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View Diary: The cost of gerrymandering (255 comments)

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  •  I wonder what it would look like (15+ / 0-)

    if every state adopted California's new system of a bipartisan panel (actually multi-partisan since there are also 'decline to state' seats on the panel) of citizens who drew our lines this year.

    The system was devised by the Republicans who put it to the ballot as a way to take away the line-drawing from the Democratically controlled legislature. However, it resulted in actually more Democratic seats than our legislature was able to put forward.

    I guess that doesn't say much for our Democratic representatives who should have managed to draw themselves a few more seats, but in any case it has worked very well here. They drew some fair lines that put similar and contiguous areas together. And the end result has been good for the state.

    •  That's one of the few things AZ does right (10+ / 0-)

      Despite Gov. Brewer's pathetic attempts to block the commission, it ended up producing pretty fair districts.

      To believe that markets determine value is to believe that milk comes from plastic bottles. Bromley (1985)

      by sneakers563 on Tue Dec 11, 2012 at 10:38:14 AM PST

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    •  It might be because (9+ / 0-)

      some dems were drawing to protect their own districts in the old system, whereas in a state rapidly shifting democratic, having less partisan seats - more competitive seats - actually gave the dems an advantage.

    •  iowa uses an impartial computer program (3+ / 0-)

      there are ways to do this right.  just not the political will.

      Ted Kennedy: “The work goes on, the cause endures, the hope still lives, and the dream shall never die…”

      by jlms qkw on Tue Dec 11, 2012 at 11:55:26 AM PST

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      •  You are right. There are multiple ways to (0+ / 0-)

        redistrict fairly. Any of us here could come with a way to do it. The problem is that you can't get there from here.

        Those who wrote the Constitution did a good job in many respects, but they let us down by not foreseeing the gerrymander problem.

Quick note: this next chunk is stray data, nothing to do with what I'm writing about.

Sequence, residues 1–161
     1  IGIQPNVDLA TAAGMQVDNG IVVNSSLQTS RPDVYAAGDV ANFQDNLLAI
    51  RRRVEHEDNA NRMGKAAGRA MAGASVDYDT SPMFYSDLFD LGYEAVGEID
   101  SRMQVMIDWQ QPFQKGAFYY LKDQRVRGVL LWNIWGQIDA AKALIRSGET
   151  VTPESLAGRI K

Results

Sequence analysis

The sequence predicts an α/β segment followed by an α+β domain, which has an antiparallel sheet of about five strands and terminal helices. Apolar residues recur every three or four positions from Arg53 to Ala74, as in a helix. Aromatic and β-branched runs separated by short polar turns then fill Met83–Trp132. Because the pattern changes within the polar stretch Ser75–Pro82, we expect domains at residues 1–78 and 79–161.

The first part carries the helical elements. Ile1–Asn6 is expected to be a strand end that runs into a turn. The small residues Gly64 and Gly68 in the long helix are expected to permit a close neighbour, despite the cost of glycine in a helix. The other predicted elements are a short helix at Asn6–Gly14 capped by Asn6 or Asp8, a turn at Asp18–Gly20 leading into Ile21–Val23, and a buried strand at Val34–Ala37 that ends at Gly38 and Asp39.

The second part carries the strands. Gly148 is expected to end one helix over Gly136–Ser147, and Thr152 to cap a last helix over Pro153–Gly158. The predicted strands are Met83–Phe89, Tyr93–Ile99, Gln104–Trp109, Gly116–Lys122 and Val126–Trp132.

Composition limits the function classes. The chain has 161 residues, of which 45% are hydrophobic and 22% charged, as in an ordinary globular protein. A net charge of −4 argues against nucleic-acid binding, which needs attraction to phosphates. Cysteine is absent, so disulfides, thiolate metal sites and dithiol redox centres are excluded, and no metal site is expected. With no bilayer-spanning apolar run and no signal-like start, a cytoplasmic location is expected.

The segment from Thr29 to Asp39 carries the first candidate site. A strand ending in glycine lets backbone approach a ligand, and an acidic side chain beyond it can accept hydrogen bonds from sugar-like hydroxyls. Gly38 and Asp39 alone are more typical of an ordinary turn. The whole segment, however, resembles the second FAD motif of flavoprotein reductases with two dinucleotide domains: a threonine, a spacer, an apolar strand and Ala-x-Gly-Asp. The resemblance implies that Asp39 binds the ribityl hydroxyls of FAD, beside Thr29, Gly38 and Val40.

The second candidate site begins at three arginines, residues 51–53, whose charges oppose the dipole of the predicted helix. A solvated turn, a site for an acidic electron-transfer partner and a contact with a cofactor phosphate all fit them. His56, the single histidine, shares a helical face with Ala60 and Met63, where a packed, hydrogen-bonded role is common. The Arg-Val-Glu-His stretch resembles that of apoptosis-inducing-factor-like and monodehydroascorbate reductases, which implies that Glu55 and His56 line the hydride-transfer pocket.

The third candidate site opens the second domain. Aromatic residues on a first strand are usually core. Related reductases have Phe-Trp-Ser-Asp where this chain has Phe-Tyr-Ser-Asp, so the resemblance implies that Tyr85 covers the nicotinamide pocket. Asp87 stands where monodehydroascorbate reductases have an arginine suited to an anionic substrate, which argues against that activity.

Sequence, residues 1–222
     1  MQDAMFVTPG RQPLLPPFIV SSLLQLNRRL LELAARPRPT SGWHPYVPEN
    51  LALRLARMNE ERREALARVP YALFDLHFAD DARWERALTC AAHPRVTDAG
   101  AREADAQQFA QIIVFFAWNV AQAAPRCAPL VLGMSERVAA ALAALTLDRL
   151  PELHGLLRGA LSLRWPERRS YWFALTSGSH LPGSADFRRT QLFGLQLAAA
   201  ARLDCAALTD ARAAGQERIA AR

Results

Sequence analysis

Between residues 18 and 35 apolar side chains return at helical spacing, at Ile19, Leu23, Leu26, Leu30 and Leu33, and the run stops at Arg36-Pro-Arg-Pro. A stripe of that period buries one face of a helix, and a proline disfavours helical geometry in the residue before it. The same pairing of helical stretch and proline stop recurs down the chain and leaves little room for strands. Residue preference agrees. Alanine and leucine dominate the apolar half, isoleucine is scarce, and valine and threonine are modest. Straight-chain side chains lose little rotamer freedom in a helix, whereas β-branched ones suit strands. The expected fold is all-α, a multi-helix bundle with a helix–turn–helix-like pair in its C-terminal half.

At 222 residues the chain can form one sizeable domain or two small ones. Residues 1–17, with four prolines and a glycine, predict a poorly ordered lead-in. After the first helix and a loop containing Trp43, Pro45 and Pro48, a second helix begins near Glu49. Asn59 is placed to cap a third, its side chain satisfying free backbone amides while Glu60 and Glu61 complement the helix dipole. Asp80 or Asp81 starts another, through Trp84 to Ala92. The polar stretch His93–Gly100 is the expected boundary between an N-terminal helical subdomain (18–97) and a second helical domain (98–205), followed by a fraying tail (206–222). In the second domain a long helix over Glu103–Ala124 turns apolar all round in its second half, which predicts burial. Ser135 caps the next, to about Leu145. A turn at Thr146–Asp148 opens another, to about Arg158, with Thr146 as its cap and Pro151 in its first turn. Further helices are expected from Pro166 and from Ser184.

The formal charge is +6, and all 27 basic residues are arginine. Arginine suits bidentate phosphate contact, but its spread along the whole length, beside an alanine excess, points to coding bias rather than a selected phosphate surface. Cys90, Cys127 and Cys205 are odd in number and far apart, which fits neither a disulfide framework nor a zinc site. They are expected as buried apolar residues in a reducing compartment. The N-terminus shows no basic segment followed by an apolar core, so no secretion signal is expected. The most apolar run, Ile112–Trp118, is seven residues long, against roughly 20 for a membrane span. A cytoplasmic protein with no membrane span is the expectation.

The only hope I can see is that the judiciary becomes more proactive, and develops judicial guidelines for redistricting. This could be justified on 14th amendment grounds--equal protection.

        It is no secret that gerrymandering takes place. It is no secret that its purpose is to render the votes of many citizens ineffective. Why shouldn't federal courts take judicial notice of these obvious facts? If we are looking for a way out of this dilemma, I think that the courts are our best hope.

        Brown V Board of Education is a good example. "Separate but equal" was the cover story of the segregationists, but the courts finally took notice of the obvious fact that "separate" was not, and could never be, "equal".

        In similar fashion, the courts could invalidate any state system that puts redistricting in the hands of a partisan body.

        Note to Boehner and McConnell: "You don't need a weatherman to know which way the wind blows." --Bob Dylan-- (-7.25, -6.21)

        by Tim DeLaney on Wed Dec 12, 2012 at 10:11:09 AM PST

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    •  Would be fair (1+ / 0-)
      Recommended by:
      Tim DeLaney

      I would really like to see this. Could this be legislated by Congress? I don't know. Maybe some of you legal scholars could comment. Could Congress pass a law establishing uniform redistricting standards across all states? From my layman's perspective, this would seem to be in line with the 14th Amendment.

      And really, how about a comprehensive package of election standards: redistricting, voter registration, voter access (incl. early and by mail) and vote counting? If we consider our country a nation, all citizens should have equal "protection" ....

      Daves Redistricting: 50 states + DC & PR w/ 2010 data. 46 states + DC w/ election data.

      by dgb on Tue Dec 11, 2012 at 02:18:44 PM PST

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      •  No, Congress could not pass such a law. (0+ / 0-)

        The reason is obvious. The very people who benefit from gerrymandering would have to vote to abolish it. This would violate the First Principle of all politicians: Get reelected.

        As I argue upthread, our best hope lies with the judiciary. And, of course, you are right to cite the 14th amendment.

        Note to Boehner and McConnell: "You don't need a weatherman to know which way the wind blows." --Bob Dylan-- (-7.25, -6.21)

        by Tim DeLaney on Wed Dec 12, 2012 at 10:23:28 AM PST

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